QUESTION: Mr. Secretary, thank you very much for being here. I want to start by asking you about the current state of relations between the countries of Central Asia and the United States. Has anything changed in U.S. foreign policy toward the countries of the region in light of current developments in the international arena, especially after the war in Ukraine?
SECRETARY BLINKEN: Well, I think we’ve had, first of all, longstanding relationships with each country going back to their independence, and the foundation of that relationship has been our strong support for the independence, the sovereignty, the territorial integrity of each of the countries of Central Asia. But I think what you’ve seen in recent years is a deepening and strengthening of these relationships, of these partnerships across a number of areas, trying to create greater economic opportunity, working together to share challenges, including everything from climate to energy, building closer people-to-people ties between our countries, but also working to create greater integration and connectivity among the countries of Central Asia themselves.
This is one of the things that we’re doing through what we call the C5+1 partnership, and I took part in a meeting of that group just yesterday in Kazakhstan. So I think we’re seeing stronger partnerships. And for the United States, our hope is to be a good partner and a good partner in working on shared challenges, in bringing more investment to Central Asia, and also in helping our partners build the capacity of their own people. So we’re working in all of these areas together.
QUESTION: The Central Asian countries have long ties with Russia as the key trade partner, and it takes time to diversify the sources of investment and income. To address this issue, you said in Kazakhstan that partner countries of Russia that suffered economically as a result of the sanctions would receive certain compensations. Could you please elaborate a bit on that, what is in specific plan?
SECRETARY BLINKEN: Sure. Well, first it’s important to understand that countries in Central Asia, people in Central Asia have suffered more than most from the consequences of Russia’s invasion of Ukraine, its aggression against Ukraine, starting with the fact that President Putin has used energy as a weapon and he’s used food as a weapon in denying energy to countries that opposed his aggression against Ukraine. That caused prices to go up for everyone, we’ve – including in Central Asia, despite the energy wealth of some countries. And we’ve worked very hard to make sure that there was enough energy on world markets to keep prices down so people wouldn’t be affected.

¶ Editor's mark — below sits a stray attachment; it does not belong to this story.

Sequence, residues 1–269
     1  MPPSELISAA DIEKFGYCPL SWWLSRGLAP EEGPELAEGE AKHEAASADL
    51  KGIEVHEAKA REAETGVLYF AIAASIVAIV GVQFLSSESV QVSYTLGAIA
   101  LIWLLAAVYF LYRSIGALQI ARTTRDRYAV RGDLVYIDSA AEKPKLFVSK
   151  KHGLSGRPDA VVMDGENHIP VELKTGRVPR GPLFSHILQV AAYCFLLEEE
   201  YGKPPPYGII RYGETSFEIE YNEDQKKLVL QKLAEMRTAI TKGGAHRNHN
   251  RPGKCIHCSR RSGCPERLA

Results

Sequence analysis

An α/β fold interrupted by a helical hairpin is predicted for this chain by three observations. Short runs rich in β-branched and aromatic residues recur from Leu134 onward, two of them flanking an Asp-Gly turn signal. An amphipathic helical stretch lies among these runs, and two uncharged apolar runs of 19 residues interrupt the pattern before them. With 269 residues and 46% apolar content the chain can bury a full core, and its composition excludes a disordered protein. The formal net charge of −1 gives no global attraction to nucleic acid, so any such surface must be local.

Second, food – Putin has also weaponized food. Ukraine is one of the major providers of grain to the world. The Russian invasion blocked Ukraine from exporting its own grain to the rest of the world because they seized the Port of Odessa and they blocked grain from going out. The United Nations – Türkiye came together to help establish a grain corridor, and now as a result of that, grain is getting out, and that means that prices are lower for everyone. So that’s benefited people here, but this is all the result of the Russian aggression.
We didn’t – with the sanctions, dozens of countries around the world are imposing sanctions on Russia because of its aggression, not because we decided one day, oh, wouldn’t it be nice to put sanctions on Russia, but because they invaded another country, they threatened its territorial integrity, its independence, and its sovereignty, and it was important for countries around the world to stand up against that. And I think in Central Asia, people understand deeply why it’s important to protect the principle of sovereignty, of independence, of territorial integrity. And one way that we stand up against it is by trying to impose some costs on Russia for the aggression in the hopes that it will get it to stop, to change its mind, to end the aggression, to end the war that it started.
So it’s also true that there are second- and third-order consequences for companies or countries that may be engaged in business with Russia that is now prohibited by the sanctions. And there, we’ve tried to work closely with countries, including in Central Asia, to help them understand exactly what’s required and what’s not required, to make sure that, precisely for the reasons you say – sometimes you have a longstanding business relationship and it takes time to end that relationship. So we’re giving time to companies to do that as necessary, what we call a wind down period. And there are some cases where we’re providing licenses to continue the business despite the sanctions.
QUESTION: How does the U.S. view the possibility of the Central Asian countries forming a separate economic union without external participants?
SECRETARY BLINKEN: I think these are sovereign decisions for countries to make, but we do believe strongly that the more integrated the countries of Central Asia are, the more connected they are, the more all of their people will benefit. It, for example, could create one larger market as opposed to five smaller ones, and that in turn may be a way to attract even more investment from different parts of the world. Facilitating connections, facilitating trade, facilitating investment within Central Asia also will, I think, create even more economic growth that people in all these countries will benefit from. Now, the decisions about how to do that, how to organize yourself to do that, those are decisions for the countries to make, not for any outside country to make.